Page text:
Swollen Feet, Ankles and Legs
A number of people have inquired lately about swollen legs and ankles - what does it mean when someone's legs swell, and what to do about it. With warmer weather coming this will be a common question for many caregivers.
Please bear with me while I make the usual disclaimer: I am not a physician and this elementary summary is intended to encourage you to consult a physician for medical and treatment advice.
Like so many other things, swollen legs (edema) is a symptom, not a disease. So the first thing to do is try to find the underlying cause of the swelling.
If I remember correctly from biology class, our bodies are normally composed of about 98% water. Every cell in our body contains water, and water constantly moves between the bloodstream and the spaces between the cells (interstitial spaces). Anything that interferes with the movement of this fluid can cause the water to build up (water retention). The heart is the pump that keeps things moving throughout the system.
Gravity plays a part in the development of edema. We've all heard the advice about trying on shoes in the late afternoon. If a person has been standing or sitting for a long period of time, especially in warm weather, body fluid can settle in the lower legs, ankles and feet, causing swelling.
A person with congestive heart failure has a heart that no longer pumps as efficiently as it should. The reduced efficiency of the body's pump can cause the blood, and the water it carries, to build up in the lower extremities, causing edema. A short list of other things that can cause swelling of the legs include liver, kidney or lymphatic disorders, blood clots, insect bites, bacterial infections, malnutrition, allergies, and of course pregnancy.
If you haven't consulted a doctor about swelling in your legs or feet, and the swelling is more than just mild and occasional, you should do so. Because swollen legs, ankles and feet can be a symptom of so many different things, you need to find out why this is happening so that the underlying cause can be treated.
In the meantime, before your appointment, you can do a few things that may help:
Managing Swollen Legs & Feet While You Wait For An Appointment
• Several times a day elevate your legs so that your feet are higher than your heart. During the day a recliner is excellent for this. If you don't have a recliner, use a footstool or lie on the sofa. Put a wedge or a sofa cushion between the mattress and box spring on your bed to elevate your feet when you sleep.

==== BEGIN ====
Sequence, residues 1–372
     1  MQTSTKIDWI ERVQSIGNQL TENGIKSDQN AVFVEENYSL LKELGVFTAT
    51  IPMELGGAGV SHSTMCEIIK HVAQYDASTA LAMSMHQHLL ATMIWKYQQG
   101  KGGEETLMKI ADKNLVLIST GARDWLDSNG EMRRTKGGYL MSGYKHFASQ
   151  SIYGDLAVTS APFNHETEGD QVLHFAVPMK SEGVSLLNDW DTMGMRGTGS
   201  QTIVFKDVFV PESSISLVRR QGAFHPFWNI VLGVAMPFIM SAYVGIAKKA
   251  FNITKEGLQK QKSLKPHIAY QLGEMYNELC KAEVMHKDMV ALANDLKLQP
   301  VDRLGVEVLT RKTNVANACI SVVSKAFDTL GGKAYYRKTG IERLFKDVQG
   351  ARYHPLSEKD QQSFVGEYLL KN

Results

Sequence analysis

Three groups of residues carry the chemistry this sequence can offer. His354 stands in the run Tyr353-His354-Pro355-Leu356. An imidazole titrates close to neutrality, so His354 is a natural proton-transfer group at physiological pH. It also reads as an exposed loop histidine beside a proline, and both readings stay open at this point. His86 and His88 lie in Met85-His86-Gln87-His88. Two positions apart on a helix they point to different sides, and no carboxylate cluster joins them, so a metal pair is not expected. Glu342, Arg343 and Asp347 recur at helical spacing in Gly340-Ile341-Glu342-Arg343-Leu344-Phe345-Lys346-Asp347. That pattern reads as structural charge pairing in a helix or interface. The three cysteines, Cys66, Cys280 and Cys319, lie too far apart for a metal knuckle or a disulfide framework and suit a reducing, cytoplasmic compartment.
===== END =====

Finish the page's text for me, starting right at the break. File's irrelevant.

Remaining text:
• Avoid sitting or standing for long periods of time. Get up and move around every hour or so during the day.
• Nix the salt. Salt may not be the culprit, but it can't hurt to avoid salty foods and leave salt out when you cook. If you see a difference in the amount your feet swell, this is good information for your doctor.
• Exercise. Moving around causes your muscles to contract and release, which helps circulation. It makes you feel better, too.
• Until you have seen a doctor don't take over-the-counter "water pills," and don't take any prescription diuretics that have been prescribed for someone else.
• Don't use heavy duty support hose without being instructed by a physician. These come in various degrees of constriction, and you don't want to be causing other problems by pushing fluid back up to your heart. For this same reason, don't wrap your legs tightly unless you've been instructed by a doctor, and don't wear tight socks, shoes or garters.
When Swollen Legs & Feet Could Be An Urgent Problem:
Call your doctor right away if:
• Only one leg is swollen
• The swollen area is red or warm to the touch
• You have liver or kidney disease and have sudden swelling
in your legs or abdomen
• You have a fever
• You are not making the normal amount of urine
• You have a sudden increase in the amount of swelling
in your legs and feet.
And, of course, call 911 if:
• You are short of breath
• You have chest pain, pressure, or a tight feeling